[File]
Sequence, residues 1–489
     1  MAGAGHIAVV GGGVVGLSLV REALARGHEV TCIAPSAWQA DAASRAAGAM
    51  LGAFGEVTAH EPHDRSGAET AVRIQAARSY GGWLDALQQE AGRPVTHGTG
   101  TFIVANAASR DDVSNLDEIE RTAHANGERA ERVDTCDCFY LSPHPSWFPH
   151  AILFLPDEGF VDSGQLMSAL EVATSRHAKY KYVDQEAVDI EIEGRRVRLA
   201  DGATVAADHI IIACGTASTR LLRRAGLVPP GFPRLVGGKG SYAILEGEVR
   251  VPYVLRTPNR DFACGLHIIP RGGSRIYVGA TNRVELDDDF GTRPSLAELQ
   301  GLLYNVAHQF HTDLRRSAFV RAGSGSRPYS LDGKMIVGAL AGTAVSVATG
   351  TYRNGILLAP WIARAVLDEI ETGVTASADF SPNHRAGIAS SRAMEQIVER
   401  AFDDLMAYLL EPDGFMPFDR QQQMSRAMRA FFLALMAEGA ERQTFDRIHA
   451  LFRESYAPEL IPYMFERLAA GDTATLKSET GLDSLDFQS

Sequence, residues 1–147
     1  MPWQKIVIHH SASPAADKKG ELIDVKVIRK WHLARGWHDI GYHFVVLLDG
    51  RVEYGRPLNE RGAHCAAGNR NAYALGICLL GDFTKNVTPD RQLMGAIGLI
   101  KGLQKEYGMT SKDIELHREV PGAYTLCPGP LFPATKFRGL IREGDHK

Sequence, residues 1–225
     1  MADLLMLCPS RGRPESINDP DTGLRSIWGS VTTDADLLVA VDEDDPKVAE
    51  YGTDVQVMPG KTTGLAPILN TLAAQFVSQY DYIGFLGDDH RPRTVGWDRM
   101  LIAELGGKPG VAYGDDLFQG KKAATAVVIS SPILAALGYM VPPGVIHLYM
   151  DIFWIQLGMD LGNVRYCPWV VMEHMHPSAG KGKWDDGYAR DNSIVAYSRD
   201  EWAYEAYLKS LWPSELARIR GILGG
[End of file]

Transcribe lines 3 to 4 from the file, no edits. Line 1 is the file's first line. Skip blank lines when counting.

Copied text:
    51  LGAFGEVTAH EPHDRSGAET AVRIQAARSY GGWLDALQQE AGRPVTHGTG
   101  TFIVANAASR DDVSNLDEIE RTAHANGERA ERVDTCDCFY LSPHPSWFPH